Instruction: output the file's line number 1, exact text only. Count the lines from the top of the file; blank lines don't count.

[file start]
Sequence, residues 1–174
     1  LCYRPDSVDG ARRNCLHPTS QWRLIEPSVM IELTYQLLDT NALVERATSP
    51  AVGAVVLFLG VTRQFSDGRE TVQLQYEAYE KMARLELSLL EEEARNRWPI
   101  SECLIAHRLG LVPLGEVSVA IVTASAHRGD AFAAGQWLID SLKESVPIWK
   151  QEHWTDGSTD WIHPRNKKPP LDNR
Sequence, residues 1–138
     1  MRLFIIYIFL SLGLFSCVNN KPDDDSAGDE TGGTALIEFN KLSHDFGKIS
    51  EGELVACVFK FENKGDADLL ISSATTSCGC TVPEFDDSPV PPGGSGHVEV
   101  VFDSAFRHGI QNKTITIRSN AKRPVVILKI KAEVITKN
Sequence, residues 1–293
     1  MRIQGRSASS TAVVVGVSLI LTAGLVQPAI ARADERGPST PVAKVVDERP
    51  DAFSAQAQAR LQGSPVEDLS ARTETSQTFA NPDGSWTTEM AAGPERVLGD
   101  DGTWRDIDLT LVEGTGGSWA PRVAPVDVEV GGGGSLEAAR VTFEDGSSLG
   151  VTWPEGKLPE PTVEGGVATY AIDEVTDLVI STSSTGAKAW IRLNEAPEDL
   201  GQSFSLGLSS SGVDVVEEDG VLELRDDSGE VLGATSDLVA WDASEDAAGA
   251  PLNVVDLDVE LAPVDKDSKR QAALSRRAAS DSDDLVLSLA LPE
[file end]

Sequence, residues 1–174